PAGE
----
6. Import rootCA and cert-signed to server keystore

    keytool -keystore server.keystore.jks -alias CARoot -import -file rootCA.crt
    keytool -keystore server.keystore.jks -alias els710 -import -file cert-signed
    
  7. If you have trusted certificates, you must import them into the JKS keystore as follows:

    Create a keystore:

    Complete:

    • Certificate validity period;
    • The name of the alias;
    • The FQDN of the server;
    • Server IP;
    keytool -keystore client.keystore.jks -alias {alias_name} -validity {validity} -keyalg RSA -genkey
    
  8. Combine the certificate and key file into a certificate in p12 format:

    Complete:

    • your cert name;
    • your key name;
    • friendly name;
    • CA cert file;
    openssl pkcs12 -export -in {your_cert_name} -inkey {your_key_name} -out {your_pair_name}.p12 -name {friendly_name} -CAfile ca.crt -caname root
    
  9. Import the CA certificate into a truststore:

    Complete:

    • CA cert file;
    keytool -keystore client.truststore.jks -alias CARoot -import -file {CAfile}
    
  10. Import the CA certificate into a keystore:

    Complete:

    • CA cert file.
    keytool -keystore client.keystore.jks -alias CARoot -import -file {CAfile}
    
  11. Import the p12 certificate into a keystore:

    Complete:

    • Your p12 pair;
    • Keystore password;
    keytool -importkeystore -deststorepass {keystore_password} -destkeystore client.keystore.jks -srckeystore {your_pair_name}.p12 -srcstoretype PKCS12
    

Configuring Kafka Brokers

  1. In /etc/kafka/server.properties file set the following options:

    Complete:

    • Path to server keystore;
    • Keystore password;
    • Password for certificate key;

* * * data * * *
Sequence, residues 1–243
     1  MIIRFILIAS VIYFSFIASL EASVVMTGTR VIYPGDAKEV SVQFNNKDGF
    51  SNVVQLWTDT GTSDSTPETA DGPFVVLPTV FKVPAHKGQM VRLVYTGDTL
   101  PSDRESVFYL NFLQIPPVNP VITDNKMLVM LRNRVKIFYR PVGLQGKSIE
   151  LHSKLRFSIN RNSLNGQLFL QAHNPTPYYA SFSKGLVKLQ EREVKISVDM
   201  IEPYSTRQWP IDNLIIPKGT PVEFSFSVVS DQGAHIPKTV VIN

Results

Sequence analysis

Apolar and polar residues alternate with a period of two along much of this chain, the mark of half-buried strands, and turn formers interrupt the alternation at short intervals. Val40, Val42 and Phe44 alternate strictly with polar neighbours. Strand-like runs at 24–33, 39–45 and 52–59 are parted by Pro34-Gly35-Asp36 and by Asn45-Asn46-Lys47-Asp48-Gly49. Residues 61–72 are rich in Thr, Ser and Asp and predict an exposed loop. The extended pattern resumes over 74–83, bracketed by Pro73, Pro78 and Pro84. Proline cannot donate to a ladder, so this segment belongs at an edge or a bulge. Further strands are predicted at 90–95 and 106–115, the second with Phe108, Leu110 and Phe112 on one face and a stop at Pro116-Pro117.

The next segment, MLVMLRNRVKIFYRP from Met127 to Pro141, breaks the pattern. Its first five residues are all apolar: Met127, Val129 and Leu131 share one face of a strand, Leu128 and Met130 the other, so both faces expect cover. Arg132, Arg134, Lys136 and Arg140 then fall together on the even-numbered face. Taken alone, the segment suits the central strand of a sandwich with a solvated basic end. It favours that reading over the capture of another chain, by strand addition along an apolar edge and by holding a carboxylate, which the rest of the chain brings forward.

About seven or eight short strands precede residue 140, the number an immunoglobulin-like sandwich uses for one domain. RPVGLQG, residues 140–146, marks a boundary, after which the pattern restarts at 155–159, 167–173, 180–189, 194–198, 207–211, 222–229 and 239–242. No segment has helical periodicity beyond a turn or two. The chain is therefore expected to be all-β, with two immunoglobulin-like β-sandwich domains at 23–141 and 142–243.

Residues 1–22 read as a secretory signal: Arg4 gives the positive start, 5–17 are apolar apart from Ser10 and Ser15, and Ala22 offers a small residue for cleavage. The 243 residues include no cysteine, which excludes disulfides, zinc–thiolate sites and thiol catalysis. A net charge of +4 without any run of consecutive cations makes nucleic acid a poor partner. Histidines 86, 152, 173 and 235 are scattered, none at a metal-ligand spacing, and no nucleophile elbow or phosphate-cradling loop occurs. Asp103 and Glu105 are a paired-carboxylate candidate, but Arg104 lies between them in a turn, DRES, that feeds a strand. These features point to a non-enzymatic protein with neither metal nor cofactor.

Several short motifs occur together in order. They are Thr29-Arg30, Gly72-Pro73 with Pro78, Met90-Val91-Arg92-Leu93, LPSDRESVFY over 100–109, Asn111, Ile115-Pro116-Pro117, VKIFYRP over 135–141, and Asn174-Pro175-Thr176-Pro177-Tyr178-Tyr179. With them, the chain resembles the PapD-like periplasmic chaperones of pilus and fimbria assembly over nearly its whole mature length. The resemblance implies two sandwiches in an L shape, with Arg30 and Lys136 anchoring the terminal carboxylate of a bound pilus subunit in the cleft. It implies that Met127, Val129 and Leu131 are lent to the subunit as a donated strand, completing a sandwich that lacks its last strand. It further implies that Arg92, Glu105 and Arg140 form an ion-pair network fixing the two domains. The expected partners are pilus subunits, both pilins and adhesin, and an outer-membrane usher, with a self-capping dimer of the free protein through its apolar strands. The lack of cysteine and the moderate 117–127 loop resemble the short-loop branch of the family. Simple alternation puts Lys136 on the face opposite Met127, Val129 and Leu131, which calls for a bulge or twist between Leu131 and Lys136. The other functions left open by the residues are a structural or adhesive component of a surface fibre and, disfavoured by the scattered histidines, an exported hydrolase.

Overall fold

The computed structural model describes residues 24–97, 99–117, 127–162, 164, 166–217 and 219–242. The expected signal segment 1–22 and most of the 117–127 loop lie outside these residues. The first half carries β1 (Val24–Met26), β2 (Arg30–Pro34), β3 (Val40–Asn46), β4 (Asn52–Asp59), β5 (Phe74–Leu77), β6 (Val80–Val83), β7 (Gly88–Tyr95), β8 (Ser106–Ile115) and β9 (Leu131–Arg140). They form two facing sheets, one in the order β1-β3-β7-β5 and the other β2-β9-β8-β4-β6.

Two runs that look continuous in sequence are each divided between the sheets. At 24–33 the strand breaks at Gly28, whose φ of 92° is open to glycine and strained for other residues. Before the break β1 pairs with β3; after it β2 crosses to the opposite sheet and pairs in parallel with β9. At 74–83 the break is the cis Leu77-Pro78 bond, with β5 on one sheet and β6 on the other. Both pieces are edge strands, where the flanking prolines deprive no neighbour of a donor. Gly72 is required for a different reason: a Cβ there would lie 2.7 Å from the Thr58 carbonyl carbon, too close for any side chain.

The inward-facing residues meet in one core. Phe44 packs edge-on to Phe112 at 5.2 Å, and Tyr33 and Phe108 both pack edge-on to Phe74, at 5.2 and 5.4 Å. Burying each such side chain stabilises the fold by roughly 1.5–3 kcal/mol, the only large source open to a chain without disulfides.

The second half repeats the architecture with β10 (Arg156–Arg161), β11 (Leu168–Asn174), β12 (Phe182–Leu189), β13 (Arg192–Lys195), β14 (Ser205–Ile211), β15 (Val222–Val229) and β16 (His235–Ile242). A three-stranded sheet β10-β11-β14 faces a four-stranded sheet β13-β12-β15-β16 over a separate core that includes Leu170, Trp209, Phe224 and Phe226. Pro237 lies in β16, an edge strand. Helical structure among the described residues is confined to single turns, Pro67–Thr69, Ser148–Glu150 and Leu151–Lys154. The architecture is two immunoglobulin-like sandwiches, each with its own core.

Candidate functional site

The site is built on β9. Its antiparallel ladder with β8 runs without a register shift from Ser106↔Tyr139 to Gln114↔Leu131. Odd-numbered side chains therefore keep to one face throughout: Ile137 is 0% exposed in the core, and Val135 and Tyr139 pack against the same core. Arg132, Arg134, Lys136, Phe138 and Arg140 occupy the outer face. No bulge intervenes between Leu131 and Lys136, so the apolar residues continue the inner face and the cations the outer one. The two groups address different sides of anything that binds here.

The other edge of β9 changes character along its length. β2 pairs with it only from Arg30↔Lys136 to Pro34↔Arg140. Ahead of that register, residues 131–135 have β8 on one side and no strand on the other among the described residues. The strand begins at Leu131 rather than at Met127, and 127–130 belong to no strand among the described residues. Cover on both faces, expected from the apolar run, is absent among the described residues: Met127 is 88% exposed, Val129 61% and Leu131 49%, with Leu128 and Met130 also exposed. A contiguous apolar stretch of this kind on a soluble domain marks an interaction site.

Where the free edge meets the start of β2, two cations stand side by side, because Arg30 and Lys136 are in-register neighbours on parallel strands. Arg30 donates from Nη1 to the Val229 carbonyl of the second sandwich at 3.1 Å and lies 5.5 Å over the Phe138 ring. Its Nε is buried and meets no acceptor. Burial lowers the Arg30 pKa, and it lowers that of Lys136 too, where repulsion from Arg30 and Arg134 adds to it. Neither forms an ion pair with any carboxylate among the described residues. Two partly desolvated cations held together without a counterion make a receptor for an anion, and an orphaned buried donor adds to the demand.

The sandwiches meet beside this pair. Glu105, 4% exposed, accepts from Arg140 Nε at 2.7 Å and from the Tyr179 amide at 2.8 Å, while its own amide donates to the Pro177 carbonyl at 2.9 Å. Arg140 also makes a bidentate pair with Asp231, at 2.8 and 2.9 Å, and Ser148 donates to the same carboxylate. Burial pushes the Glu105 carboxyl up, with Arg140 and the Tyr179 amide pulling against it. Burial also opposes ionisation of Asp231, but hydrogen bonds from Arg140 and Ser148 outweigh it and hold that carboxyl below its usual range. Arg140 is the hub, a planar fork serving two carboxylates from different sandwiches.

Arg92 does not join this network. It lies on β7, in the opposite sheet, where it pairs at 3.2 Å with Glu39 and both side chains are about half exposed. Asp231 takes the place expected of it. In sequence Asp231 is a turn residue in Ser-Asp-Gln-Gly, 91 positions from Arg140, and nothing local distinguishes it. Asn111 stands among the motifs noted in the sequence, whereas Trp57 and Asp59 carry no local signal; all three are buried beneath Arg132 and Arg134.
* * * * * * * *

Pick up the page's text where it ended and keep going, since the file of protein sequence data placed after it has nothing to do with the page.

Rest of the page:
• Path to server truststore;
    • Truststore password.
    listeners=PLAINTEXT://localhost:9092,SSL://{FQDN}:9093
    ssl.keystore.location={path_to_server_keystore}/server.keystore.jks
    ssl.keystore.password={keysotre_passowrd}
    ssl.key.password={key_password}
    ssl.truststore.location={path_to_server_truststore}/server.truststore.jks
    ssl.truststore.password={truststore_passowrd}
    ssl.enabled.protocols=TLSv1.2
    ssl.client.auth=required
    security.inter.broker.protocol=SSL
    
  2. Restart the Kafka service

systemctl restart kafka

Configuring Kafka Clients

  1. Configure the output section in Logstash based on the following example:

    Complete:

    • Server FQDN;
    • Path to client truststore;
    • Truststore password.
    output {
      kafka {
        bootstrap_servers => "{FQDN}:9093"
        security_protocol => "SSL"
        ssl_truststore_type => "JKS"
        ssl_truststore_location => "{path_to_client_truststore}/client.truststore.jks"
        ssl_truststore_password => "{password_to_client_truststore}"
        client_id => "host.name"
        topic_id => "Topic-1"
        codec => json
      }
    }
    
  2. Configure the input section in Logstash based on the following example:

    Complete:

    • Server FQDN;
    • Path to client truststore;
    • Truststore password.
    input {
      kafka {
        bootstrap_servers => "{}:port"
        security_protocol => "SSL"
        ssl_truststore_type => "JKS"
        ssl_truststore_location => "{path_to_client_truststore}/client.truststore.jks"
        ssl_truststore_password => "{password_to_client_truststore}"
        consumer_threads => 4
        topics => [ "Topic-1" ]
        codec => json
        tags => ["kafka"]
       }
    }
    

Log retention for Kafka topic

The Kafka durably persists all published records—whether or not they have been consumed—using a configurable retention period. For example, if the retention policy is set to two days, then for the two days after a record is published, it is available for consumption, after which it will be discarded to free up space. Kafka’s performance is effectively constant with respect to data size so storing data for a long time is not a problem.